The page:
Feb 28, 2007

Question Time – Questions without notice and Speaker’s ruling

Question Time – Questions without notice and Speaker’s Ruling

28 February 2007

Mr Abbott – Members opposite do not like hearing about Dr Death, but the Courier-Mail of 2 September—

Mr Albanese—Mr Speaker, I rise on a point of order. Standing order 64 refers to no member being referred to by name. Standing order 89 refers to offensive words not being used against members of the parliament. Standing order 90—

The SPEAKER—The member will resume his seat. I was listening carefully to the minister and I have not heard him use an offensive word, nor have I heard him refer to a member by other than his title or his electorate. The minister is in order.

Mr ABBOTT—I am quoting from the Courier-Mail of 2 September 1995, which says:

Mr Rudd— that is, the Leader of the Opposition— acknowledged the nickname Dr Death, lovingly bestowed by some Queensland public servants.

He acknowledged the nickname himself. I am quoting from the Courier-Mail.

Mr Albanese—Mr Speaker, I rise on a point of order. Perhaps the lying rodent should call him into line.

The SPEAKER—The Manager of Opposition Business will withdraw that offensive remark.

Mr Albanese—No, I will not.

The SPEAKER—The Manager of Opposition Business is well aware that that expression is unparliamentary and he will withdraw it.

Mr Albanese—I will behave consistently, Mr Speaker.

The SPEAKER—The Manager of Opposition Business will withdraw that statement.

Mr Albanese—I withdraw, in accordance with your request. I would ask you to apply the same rules to the member opposite, the Minister for Health and Ageing.

The SPEAKER—The Manager of Opposition Business will withdraw without reservation.

Mr Albanese—I withdraw.

The SPEAKER—I thank the Manager of Opposition Business.

Mr Albanese—I have a point of order, Mr Speaker. Can we ensure that that ruling is applied to both sides?

The SPEAKER—I will endeavour to uphold the standing orders, as I always do.

Mr ABBOTT—To quote the Courier-Mail, the Leader of the Opposition:

… acknowledged the nickname Dr Death, lovingly bestowed by some Queensland public servants.

Mr Albanese—Mr Speaker, on a point of order—

The SPEAKER—The minister is in order.

Mr ABBOTT—I am quoting his own words from the Courier-Mail.

The SPEAKER—The Manager of Opposition Business, is this a further point of order?

Mr Albanese—Yes, Mr Speaker. I was quoting Senator Brandis. That is who I was quoting.

The SPEAKER—The member will resume his seat and he will not debate his point of order.

Mr Albanese interjecting—

The SPEAKER—The Manager of Opposition Business will resume his seat.

Mr Albanese—I ask that it be withdrawn.

The SPEAKER—The Manager of Opposition Business would be well aware that I read a statement into the House later this week on this very issue. The minister is in order.

Mr ABBOTT—My point is that the Leader of the Opposition revelled in this particular nickname. He is quoted in the article as saying:

You know, it could have been worse. I could have been called Morticia, Rasputin or Pol Pot. These are nicknames that the Leader of the Opposition used to describe himself. I say this to the Australian people: whether it is Dr Death or Pol Pot, do not trust him with the health system.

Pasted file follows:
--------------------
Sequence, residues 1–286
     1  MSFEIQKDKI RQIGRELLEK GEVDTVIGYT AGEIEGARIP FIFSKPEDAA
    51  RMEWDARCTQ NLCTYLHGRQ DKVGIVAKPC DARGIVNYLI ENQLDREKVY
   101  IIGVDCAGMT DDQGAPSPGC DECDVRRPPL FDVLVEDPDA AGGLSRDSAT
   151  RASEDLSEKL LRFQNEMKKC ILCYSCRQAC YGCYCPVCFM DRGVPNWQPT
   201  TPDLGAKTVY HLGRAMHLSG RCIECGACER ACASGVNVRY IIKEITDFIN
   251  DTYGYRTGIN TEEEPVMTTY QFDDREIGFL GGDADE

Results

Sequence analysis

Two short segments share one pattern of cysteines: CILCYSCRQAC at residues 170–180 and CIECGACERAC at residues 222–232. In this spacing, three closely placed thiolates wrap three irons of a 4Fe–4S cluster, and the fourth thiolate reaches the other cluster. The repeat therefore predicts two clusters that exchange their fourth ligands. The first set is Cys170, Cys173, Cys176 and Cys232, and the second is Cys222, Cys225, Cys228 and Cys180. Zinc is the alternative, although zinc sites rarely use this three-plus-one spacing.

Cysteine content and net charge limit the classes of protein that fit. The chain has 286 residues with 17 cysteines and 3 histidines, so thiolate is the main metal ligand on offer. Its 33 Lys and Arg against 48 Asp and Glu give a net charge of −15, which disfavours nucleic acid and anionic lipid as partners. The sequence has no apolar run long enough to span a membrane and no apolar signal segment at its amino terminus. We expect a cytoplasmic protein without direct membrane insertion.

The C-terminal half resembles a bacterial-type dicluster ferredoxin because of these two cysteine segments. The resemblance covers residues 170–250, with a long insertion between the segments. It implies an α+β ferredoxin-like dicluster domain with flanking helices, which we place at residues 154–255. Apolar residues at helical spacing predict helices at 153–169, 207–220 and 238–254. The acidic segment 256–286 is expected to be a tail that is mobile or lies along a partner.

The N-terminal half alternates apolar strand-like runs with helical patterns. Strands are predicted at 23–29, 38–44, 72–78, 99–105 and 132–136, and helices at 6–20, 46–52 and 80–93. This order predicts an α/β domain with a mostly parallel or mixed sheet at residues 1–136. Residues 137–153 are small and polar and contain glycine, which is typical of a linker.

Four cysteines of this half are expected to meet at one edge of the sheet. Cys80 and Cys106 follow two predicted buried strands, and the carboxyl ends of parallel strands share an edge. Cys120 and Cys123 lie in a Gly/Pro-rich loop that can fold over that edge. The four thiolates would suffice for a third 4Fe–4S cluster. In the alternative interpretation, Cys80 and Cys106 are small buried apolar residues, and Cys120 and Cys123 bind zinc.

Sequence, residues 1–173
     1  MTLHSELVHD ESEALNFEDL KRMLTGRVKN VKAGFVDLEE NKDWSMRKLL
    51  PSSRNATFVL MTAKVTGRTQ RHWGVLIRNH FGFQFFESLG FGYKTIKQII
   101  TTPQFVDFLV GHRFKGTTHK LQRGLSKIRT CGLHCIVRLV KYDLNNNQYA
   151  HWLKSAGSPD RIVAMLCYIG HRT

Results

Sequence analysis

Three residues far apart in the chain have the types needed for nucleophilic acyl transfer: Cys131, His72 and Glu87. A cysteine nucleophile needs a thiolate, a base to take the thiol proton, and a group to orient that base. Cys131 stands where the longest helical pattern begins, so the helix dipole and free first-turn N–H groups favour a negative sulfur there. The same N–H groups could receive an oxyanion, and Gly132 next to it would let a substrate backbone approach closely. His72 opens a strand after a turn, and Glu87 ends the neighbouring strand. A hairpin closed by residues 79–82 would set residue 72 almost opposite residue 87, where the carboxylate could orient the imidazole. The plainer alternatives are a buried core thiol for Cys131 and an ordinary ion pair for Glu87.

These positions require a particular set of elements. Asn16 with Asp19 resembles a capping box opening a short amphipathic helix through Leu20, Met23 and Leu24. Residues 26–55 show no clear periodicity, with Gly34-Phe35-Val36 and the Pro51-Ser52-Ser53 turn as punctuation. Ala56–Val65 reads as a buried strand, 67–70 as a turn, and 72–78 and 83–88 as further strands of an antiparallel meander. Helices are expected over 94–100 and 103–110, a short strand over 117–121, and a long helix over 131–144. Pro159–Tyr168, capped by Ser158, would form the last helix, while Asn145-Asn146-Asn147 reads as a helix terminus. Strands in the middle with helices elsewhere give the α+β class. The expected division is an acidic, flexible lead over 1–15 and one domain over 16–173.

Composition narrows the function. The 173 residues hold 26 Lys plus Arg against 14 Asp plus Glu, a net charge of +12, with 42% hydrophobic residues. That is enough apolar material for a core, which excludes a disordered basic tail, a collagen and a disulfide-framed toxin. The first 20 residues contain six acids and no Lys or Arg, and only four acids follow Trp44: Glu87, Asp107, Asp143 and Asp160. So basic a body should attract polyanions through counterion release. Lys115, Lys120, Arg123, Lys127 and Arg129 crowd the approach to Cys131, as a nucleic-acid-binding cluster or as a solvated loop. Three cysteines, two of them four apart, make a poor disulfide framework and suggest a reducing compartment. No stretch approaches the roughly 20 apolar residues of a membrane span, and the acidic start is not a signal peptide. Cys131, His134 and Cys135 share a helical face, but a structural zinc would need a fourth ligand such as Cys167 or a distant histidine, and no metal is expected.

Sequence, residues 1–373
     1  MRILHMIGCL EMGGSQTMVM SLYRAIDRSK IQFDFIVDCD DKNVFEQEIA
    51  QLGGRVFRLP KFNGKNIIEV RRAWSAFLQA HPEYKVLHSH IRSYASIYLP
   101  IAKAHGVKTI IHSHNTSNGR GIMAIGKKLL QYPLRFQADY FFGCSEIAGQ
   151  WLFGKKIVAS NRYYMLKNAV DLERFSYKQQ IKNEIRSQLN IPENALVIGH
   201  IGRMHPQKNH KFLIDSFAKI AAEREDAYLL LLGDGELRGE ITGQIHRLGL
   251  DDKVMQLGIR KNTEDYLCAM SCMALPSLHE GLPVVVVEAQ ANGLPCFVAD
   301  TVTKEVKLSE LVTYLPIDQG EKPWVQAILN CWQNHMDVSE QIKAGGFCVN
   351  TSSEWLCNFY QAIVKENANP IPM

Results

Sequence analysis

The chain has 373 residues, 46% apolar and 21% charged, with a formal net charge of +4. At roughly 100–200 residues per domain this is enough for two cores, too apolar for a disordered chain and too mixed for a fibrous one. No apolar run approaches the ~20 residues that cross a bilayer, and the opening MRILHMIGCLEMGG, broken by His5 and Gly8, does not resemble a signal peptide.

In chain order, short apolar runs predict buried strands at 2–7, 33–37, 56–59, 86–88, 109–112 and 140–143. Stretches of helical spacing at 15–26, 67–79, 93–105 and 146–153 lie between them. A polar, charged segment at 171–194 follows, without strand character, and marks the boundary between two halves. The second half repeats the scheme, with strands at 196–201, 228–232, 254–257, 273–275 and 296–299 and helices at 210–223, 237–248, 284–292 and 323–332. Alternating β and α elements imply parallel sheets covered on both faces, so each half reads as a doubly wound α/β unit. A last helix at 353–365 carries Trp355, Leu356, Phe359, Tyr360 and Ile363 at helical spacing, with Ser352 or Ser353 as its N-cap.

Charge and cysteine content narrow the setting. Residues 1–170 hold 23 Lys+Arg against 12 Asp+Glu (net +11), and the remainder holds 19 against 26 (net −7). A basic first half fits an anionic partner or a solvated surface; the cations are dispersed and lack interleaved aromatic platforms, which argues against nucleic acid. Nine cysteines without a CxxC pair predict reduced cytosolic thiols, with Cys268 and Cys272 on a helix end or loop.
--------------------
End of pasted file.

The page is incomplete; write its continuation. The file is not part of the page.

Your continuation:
Mr Albanese—Pull him up! Pull him up!

The SPEAKER—The member for Grayndler is warned!

Speaker’s Rulings

The SPEAKER—I again thank the member for Brisbane. It is not the role of the chair to give hypothetical rulings, but I will read to him part of what I said in the House on Monday:

The determination as to whether words used in the House are offensive or disorderly rests with the chair, and the chair’s judgment depends on the nature of the word and the context in which it is used.

Mr ALBANESE (3.20 pm)—Further to that issue, I have a question to you and I refer to page 499 of House of Representatives Practice. It states quite clearly:

A Member is not allowed to use unparliamentary words by the device of putting them in somebody else’s mouth or in the course of a quotation.

I believe that is what the Leader of the House has attempted to do, and I seek leave to table the article from the Courier-Mail of 1 September 2004 in which Senator Brandis is alleged to have called the Prime Minister ‘a lying rodent’ and an article from ABC Online of 31 August 2004 which is titled, ‘“Lying rodent” claim exposes children overboard rift’. Mr Speaker—

The SPEAKER—Order! The member will not debate his point. If he is raising a question he will come straight to his question.

Mr ALBANESE—Yes, Mr Speaker. I will refer to some standing orders, if that is okay.

The SPEAKER—No, the member is not going to debate this. He will come straight to his question.

Mr ALBANESE—Well, can I refer to standing orders in doing so? That is something the Leader of the House has never done, ever—not once.

The SPEAKER—The member will either come to his question or resume his seat.

Mr ALBANESE—Mr Speaker, standing order 89 and standing order 90 are very clear, and today you actually asked the Minister for Employment and Workplace Relations to refer to the member for Rankin by—

The SPEAKER—The member will either come to his question or resume his seat.

Mr ALBANESE—his name. You then allowed the Leader of the House to make comments. You then asked me to withdraw, which I did consistently.

The SPEAKER—We are not going to debate past decisions.

Mr ALBANESE—Mr Speaker—

The SPEAKER—The member for Grayndler will resume his seat and I will respond to him. On Monday, I made a statement where I referred specifically to all of the issues that the member for Grayndler just raised. I refer him back to that statement because I think it covers everything that he has just raised.